Display technology and hardware have always been major strong points among Apple devices, and the latest base model iPad certainly doesn't disappoint in this department. The 10th Generation iPad offers a display providing both high contrast and high-resolution specs, covering over 100% of the sRGB color gamut. Its 500-nit brightness is enough for use in all but the brightest level of direct sunlight, and it responds quickly with no ghosting or artifacts (no surprises there).
The Pixel Tablet remains close at its heels. The resolution, brightness, color coverage, and size of the Pixel Tablet are all nearly identical to the iPad. And while iPads have continuously been the champions of delivering a rich color spectrum, few will be able to tell the difference between the color displayed on the iPad and Pixel Tablet.
Many display features may come out in a wash, but there's one thing Google offers that Apple doesn't: USI stylus support. In contrast, the 2022 iPad is limited to the first-gen Apple Pencil or similar third-party options. Although the display performances of these two tablets are almost indistinguishable, we give the Pixel Tablet's display the win with a razor-thin line separating them from one another.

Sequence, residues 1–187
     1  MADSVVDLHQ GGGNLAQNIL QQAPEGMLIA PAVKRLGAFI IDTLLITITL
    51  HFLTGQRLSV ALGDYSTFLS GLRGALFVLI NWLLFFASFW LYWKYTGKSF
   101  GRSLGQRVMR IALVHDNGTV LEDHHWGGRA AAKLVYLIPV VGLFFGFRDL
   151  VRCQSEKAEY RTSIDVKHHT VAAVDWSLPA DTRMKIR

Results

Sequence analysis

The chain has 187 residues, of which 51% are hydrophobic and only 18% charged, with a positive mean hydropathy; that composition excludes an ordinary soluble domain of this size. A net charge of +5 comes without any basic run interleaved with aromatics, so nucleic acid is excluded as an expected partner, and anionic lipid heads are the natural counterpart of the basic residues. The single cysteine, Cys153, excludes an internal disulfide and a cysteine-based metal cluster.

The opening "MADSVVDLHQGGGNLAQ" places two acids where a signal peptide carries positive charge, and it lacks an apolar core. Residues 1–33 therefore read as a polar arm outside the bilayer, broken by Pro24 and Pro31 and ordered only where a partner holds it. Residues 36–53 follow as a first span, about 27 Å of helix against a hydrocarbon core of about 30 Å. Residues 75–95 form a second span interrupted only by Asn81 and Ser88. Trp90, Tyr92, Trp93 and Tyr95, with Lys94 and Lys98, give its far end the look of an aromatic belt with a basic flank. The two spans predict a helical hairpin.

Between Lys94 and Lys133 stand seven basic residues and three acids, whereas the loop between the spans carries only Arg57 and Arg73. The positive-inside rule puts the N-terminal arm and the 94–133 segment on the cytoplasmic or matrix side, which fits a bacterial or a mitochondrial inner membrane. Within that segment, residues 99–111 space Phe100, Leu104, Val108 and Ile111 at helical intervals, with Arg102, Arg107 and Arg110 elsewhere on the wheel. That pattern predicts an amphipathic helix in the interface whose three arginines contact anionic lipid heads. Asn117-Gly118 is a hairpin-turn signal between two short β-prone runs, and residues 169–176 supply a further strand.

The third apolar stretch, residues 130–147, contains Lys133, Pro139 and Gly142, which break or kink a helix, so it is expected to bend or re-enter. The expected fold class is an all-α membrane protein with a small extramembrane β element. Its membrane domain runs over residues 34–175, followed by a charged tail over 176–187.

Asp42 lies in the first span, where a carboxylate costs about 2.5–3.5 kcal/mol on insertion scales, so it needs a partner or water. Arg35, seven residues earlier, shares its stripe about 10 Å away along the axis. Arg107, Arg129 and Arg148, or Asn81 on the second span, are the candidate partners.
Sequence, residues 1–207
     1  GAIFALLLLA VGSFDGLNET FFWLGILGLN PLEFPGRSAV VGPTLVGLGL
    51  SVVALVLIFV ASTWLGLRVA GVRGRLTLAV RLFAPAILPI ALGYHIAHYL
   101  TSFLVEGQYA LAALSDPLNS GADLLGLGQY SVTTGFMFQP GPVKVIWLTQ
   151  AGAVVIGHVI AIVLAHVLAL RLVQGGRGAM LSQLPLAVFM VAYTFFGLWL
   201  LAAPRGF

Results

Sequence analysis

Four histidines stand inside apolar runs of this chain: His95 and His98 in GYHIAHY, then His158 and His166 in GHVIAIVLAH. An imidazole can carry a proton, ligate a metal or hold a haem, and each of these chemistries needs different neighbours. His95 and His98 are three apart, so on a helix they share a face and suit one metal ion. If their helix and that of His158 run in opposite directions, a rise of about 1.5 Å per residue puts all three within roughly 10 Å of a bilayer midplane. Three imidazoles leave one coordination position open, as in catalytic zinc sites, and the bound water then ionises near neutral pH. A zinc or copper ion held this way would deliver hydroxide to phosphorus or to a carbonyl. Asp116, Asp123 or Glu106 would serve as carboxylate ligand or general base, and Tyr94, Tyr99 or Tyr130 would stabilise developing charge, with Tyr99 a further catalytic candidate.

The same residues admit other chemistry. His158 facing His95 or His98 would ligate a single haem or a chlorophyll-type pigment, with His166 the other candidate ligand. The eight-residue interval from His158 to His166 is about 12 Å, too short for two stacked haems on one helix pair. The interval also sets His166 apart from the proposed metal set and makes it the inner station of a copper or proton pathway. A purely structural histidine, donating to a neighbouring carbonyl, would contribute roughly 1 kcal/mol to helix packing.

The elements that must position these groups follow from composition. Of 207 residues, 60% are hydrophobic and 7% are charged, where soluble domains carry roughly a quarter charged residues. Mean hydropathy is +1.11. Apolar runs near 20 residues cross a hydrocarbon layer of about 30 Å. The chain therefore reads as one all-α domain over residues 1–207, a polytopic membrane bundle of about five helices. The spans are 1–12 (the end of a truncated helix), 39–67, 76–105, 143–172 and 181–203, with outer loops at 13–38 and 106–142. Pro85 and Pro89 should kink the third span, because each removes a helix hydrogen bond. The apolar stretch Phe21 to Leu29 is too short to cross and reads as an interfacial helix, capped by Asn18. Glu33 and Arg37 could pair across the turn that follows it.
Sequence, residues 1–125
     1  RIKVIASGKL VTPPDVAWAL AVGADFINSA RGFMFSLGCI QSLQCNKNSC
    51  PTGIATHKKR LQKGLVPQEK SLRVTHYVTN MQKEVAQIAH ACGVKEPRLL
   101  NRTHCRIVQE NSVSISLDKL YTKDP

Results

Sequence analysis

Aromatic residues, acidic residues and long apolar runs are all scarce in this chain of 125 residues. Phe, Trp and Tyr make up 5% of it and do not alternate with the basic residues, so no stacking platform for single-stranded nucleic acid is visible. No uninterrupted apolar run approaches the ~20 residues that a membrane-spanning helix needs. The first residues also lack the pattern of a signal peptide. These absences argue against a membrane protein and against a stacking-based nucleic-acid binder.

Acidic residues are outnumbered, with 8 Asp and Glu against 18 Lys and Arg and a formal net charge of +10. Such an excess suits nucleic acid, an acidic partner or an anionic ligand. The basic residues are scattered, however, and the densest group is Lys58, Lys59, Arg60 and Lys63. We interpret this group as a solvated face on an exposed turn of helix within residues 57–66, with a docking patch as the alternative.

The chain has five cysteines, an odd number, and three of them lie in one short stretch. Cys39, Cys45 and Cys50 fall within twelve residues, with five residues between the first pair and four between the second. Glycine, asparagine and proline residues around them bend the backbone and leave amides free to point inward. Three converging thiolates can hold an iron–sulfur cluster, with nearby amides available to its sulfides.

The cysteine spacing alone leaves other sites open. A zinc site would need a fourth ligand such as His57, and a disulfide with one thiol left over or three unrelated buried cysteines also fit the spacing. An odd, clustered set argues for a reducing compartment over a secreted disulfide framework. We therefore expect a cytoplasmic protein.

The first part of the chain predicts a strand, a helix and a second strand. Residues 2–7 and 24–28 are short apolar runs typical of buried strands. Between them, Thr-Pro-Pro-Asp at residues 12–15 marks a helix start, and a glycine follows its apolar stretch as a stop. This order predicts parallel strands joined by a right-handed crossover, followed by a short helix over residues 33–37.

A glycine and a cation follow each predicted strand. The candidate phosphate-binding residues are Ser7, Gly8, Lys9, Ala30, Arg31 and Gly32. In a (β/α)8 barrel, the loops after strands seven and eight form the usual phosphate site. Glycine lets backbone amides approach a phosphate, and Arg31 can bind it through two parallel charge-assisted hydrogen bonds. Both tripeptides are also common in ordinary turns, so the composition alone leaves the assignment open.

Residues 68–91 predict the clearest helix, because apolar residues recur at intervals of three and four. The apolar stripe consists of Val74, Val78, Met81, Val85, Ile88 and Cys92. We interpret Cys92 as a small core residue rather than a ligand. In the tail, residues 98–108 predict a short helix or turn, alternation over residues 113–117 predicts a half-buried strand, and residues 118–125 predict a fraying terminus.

What's the software experience like?
Apple has continued for years to fall back on the ability to provide a streamlined user environment — and the latest iPad doesn't deviate from that formula. Apple's notably locked-down ecosystem delivers an excellent app experience, and that standard continues in the 10th Generation tablet. From top to bottom, the interface is powerful and easy to use, doing a great job showcasing the iPad's abilities.
Meanwhile, after a few years of truly fantastic Pixel smartphones, Google's UI is making strides toward competing more substantially. Yes, Google pumps out a vanilla Android flavor for its own devices, which might put off some Samsung diehards who demand the heavy One UI skin experience, but when holding a Google Pixel Tablet and playing around with the device, you're reminded of what an exquisite and direct taste "vanilla" really brings. It's arguably the best version of the Android operating system and competes with Samsung in terms of Android implementations. Google also now promises five years of updates, ensuring that your relatively expensive tablet will serve you safely and reliably for a long time.